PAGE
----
Well done, Mr. Bittner

Re: Bob Bittner’s letter of May 23rd (“We must remember our war dead”): “The last time I heard that bugle call was over 50-plus years ago, but I know it has gone on each day since. I can hear it in my memory as clear as day. This Memorial Day please remember the sacrifice of our war dead and pray that God’s eternal light rests upon their souls.” Simply put, well said, well written, well done, Mr. Bittner.

John Betsch


Trump has better body language

Seventy-five percent of human communication is through body language. This is why Trump will win in November. Compare Biden’s body language to Trump’s. Biden’s body language shows he moves like an elderly person. Trump’s body language is a vibrant younger person. Biden’s experience definitely shows he would be a better president, but as stated, 75% of human communication is through body language.

Warren McKnight


Be sure to vote!

Trump or no Trump? First, consider the numbers of probable active voters. How many are: Women who are concerned about women’s health? Men who love and support those women? LGBTQ? Non-white or recent immigrant citizens? Those who respect the police and legal system — law and order are important to them? In the military or families of the military? Expect our president to be honest, dependable and concerned about all Americans? Simply don’t trust Donald Trump? Add them up. How do you think they will vote? The truth is: Trumpers are a minority. It’s time for the rest of us to make that clear in the November election. Be sure to vote.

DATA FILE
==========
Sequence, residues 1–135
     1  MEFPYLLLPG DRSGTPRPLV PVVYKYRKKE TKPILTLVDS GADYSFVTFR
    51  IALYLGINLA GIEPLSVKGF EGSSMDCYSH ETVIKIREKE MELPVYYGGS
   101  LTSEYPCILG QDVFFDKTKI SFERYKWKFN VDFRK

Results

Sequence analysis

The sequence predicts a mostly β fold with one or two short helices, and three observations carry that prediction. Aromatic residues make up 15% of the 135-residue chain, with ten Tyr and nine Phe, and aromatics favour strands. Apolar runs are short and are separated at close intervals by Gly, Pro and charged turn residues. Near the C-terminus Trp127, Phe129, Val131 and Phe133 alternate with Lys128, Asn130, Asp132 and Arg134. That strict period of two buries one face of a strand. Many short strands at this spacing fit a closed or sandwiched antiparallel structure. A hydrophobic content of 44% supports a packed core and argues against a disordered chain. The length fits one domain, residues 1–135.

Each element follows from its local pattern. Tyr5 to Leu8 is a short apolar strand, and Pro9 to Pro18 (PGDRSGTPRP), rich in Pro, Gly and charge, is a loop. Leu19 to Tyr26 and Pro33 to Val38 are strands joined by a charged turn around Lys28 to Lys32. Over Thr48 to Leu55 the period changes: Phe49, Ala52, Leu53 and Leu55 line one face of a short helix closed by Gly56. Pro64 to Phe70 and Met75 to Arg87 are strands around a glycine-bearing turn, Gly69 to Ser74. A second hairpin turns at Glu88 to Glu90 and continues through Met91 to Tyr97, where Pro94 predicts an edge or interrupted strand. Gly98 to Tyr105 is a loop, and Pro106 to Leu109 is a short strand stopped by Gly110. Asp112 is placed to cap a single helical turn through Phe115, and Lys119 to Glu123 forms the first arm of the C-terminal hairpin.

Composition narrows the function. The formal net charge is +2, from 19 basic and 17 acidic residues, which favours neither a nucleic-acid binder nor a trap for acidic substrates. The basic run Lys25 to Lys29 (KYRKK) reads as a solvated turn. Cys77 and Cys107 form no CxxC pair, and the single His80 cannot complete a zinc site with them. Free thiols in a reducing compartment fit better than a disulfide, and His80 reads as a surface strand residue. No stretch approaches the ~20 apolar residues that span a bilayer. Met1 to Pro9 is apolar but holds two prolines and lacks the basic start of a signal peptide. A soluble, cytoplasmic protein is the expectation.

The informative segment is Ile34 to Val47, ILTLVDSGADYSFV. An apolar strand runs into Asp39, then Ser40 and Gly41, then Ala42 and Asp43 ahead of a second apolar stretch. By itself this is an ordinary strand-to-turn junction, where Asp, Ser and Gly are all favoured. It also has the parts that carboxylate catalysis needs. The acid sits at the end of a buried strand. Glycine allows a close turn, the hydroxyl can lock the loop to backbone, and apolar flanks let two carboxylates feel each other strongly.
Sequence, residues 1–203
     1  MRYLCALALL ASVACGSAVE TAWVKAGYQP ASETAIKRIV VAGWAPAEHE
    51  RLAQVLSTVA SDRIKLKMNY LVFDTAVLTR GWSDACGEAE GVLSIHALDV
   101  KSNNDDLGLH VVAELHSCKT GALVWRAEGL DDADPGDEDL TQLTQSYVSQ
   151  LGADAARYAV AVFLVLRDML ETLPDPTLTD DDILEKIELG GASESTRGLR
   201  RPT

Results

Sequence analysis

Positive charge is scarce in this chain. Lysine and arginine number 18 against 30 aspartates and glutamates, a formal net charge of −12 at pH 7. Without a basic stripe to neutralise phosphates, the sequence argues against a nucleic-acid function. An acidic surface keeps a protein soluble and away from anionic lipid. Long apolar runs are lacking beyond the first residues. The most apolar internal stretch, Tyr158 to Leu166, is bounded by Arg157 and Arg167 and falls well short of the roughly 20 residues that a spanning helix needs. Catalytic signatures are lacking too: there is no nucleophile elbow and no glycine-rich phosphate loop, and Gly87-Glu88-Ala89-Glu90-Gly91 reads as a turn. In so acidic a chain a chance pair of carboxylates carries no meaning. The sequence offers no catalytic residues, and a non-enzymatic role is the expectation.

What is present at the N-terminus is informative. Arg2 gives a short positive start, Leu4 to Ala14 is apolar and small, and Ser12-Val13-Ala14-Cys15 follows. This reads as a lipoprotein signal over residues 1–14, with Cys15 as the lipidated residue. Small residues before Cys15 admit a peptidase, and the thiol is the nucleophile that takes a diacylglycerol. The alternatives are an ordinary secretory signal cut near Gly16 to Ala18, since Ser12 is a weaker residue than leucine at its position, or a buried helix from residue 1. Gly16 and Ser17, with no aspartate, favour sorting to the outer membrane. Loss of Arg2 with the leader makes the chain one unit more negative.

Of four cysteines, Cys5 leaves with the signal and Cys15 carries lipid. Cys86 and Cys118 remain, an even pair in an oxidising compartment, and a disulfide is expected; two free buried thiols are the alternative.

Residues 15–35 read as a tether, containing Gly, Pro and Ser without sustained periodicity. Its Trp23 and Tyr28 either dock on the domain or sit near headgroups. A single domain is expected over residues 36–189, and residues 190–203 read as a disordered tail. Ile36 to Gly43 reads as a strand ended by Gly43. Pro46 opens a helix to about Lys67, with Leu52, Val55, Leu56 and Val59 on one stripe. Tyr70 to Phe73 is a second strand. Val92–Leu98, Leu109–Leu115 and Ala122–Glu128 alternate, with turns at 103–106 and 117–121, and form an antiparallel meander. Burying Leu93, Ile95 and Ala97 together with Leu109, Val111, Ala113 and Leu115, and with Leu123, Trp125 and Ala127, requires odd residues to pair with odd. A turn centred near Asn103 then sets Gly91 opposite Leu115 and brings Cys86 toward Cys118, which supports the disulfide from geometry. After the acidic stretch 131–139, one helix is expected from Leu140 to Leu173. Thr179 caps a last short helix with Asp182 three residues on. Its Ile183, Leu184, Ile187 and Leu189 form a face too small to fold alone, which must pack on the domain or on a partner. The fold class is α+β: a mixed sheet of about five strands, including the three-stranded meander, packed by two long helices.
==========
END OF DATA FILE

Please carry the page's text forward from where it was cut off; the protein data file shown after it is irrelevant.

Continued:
John Barnes


A double standard from the ICJ

On Friday, May 24, the International Court of Justice ordered Israel to “immediately halt its military offensive in Rafah” in the Gaza Strip. I wholeheartedly agree with the ICJ and encourage Israel to cease going after the Hamas terrorists in Rafah as soon as the ICJ orders Russia to halt its military offensive in Ukraine. If the ICJ cannot bring itself to fix this double standard, then I propose an alternative approach.

Take that nice-looking, rectangular building that houses diplomats from all over the world so they can live large in New York and violate parking restrictions to the tune of millions of dollars in unpaid fines for their lack of respect of our laws and tip the whole thing over into the East River. Once that’s accomplished, rebuild the UN in Moscow and see whether the Russians will permit scofflaws to disregard their laws.

Michael Levy


Just look at the facts

A recent letter writer needs a reality check about President Biden. During Biden’s first term he accomplished substantial achievements. Take a gander at these, compliments of Bloomberg News: Millions signed up for healthcare; salary increases are outpacing inflation; the cost of living is going down; green spending is booming; families are richer than ever; inequality is narrowing; the equity market is roaring. Yes, he’s old, but wise. May I remind him, the other guy is no spring chicken. To boot, he’s a an obese fraud. And knock it off with the jabs at our vice president, which are petty and unfounded. Do your homework and stick to the facts.